Harrington benefits from European strength

Paul McGinley and Padraig Harrington go back a long, long way. Ryder Cup vice-captain Paul McGinley insists that close pal Padraig Harrington is not guaranteed five games at Celtic Manor in October.

Harrington was a controversial wildcard choice by skipper Colin Montgomerie, who overlooked Paul Casey and Justin Rose in favour of the Dubliner, Edoardo Molinari and Luke Donald.

And McGinley reckons the strength and depth in the European side means that Monty may be able to bench Harrington once or twice.

Commenting on the make-up of Monty’s side, McGinley said: “The great thing that we have in our 12 players is that there is such strength in depth in the one to twelve.

“We don’t have to rely on three or four players as we have done in the past.

“There’s going to be a situation there where we’ll rest some of our top players during the week because we’re so strong from one to twelve.

“We won’t have to rely on Padraig so much.”

Montgomerie has come in for stern criticism in some quarters for leaving out world No 8 Casey and 2008 hero Rose, who has won twice in the US this season.

But McGinley backed the decision to pick Harrington for his experience and intimidation factor.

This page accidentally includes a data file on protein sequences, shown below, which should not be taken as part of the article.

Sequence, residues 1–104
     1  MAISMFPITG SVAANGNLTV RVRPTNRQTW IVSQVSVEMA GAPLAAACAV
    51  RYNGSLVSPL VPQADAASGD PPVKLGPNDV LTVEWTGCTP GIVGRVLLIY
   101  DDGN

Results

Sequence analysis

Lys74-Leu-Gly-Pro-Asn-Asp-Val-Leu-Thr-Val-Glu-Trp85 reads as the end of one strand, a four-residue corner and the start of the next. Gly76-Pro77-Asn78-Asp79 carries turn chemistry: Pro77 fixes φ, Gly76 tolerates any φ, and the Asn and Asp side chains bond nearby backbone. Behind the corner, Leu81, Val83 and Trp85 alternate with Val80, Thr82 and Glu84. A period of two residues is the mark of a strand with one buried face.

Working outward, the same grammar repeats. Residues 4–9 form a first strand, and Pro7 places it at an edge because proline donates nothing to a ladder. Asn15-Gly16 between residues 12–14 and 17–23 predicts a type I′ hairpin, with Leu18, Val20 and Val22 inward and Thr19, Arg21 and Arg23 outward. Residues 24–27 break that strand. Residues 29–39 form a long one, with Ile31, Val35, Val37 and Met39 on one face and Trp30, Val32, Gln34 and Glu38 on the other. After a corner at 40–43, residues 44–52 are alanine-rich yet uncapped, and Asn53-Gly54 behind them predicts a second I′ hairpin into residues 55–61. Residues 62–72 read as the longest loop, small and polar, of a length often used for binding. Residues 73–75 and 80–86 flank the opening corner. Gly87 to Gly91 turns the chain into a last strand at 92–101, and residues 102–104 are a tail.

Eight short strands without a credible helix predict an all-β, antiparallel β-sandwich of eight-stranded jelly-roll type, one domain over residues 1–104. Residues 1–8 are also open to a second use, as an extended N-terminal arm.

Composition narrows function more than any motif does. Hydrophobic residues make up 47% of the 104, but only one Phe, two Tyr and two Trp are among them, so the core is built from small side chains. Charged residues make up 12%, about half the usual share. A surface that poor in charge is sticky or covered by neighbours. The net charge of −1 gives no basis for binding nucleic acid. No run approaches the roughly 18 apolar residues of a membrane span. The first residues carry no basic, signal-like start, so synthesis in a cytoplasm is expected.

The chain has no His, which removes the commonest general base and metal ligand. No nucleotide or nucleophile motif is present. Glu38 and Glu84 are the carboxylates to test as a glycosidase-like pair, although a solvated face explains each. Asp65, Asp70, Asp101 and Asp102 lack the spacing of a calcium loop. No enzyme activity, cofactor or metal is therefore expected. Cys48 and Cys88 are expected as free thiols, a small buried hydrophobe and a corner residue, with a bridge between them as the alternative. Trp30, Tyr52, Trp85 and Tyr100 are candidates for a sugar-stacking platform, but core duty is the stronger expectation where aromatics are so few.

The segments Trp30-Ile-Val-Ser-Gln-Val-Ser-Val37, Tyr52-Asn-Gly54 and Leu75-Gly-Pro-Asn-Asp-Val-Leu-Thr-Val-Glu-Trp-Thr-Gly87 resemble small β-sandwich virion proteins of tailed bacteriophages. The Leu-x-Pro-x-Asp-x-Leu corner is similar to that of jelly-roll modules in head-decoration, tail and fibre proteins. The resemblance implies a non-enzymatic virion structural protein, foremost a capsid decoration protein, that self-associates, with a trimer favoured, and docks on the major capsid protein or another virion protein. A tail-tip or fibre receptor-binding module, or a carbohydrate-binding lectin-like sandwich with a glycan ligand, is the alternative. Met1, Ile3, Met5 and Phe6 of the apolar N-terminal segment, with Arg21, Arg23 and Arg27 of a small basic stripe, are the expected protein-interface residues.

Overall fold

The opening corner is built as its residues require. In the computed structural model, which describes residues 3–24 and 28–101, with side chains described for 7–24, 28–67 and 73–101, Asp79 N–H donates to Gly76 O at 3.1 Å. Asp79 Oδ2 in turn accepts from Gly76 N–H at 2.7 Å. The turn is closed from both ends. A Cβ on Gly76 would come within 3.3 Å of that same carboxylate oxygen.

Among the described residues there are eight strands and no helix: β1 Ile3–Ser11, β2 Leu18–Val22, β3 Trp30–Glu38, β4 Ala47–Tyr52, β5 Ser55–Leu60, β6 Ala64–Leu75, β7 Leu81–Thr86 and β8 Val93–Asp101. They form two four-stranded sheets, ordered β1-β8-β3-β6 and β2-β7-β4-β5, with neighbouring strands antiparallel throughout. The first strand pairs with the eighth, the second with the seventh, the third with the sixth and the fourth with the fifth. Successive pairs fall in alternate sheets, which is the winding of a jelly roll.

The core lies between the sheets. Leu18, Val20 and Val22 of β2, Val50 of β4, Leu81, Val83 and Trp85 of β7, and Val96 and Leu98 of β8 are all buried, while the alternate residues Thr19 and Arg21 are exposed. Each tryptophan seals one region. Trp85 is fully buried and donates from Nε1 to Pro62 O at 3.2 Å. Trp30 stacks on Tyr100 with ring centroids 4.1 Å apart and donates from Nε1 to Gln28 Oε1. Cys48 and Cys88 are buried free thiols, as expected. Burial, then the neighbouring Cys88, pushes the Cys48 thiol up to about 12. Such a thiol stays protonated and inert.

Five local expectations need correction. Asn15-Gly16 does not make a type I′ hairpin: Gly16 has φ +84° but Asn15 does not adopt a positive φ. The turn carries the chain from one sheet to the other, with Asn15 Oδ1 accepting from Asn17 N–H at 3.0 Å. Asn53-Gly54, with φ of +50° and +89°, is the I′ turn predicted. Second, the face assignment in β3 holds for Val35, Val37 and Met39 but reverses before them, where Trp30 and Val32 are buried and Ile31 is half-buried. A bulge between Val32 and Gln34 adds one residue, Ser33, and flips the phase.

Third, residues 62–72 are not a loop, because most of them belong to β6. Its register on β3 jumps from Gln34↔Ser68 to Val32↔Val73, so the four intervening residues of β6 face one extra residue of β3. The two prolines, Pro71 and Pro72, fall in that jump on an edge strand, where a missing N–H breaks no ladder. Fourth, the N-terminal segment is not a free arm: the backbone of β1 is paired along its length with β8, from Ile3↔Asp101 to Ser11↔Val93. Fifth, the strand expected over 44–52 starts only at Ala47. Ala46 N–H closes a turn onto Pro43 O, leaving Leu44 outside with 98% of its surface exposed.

He said: “It was obviously a very difficult decision to make when you’ve so many world class players all having very good, strong years, looking for a pick and you’ve only got three picks.

“Some top players are going to have to be left out. They haven’t qualified for the team and that’s why we’re in that predicament.

“Padraig was obviously looking for a pick, he was very close to qualifying but his pedigree is so good.

“I’ve been fortunate enough to play Ryder Cup matches with him and so has Monty and we both felt that he warranted a pick.”

McGinley denied that politics played a role in the wildcard choices as the “FedEx Four” of Casey, Rose, Harrington and Donald all opted to snub the final qualifying event in Scotland in favour of the megabucks US Tour play-offs.

McGinley said: “We weren’t making any political statements here. Our brief was to pick a team that we felt is going to be capable of winning the Ryder Cup for Europe.”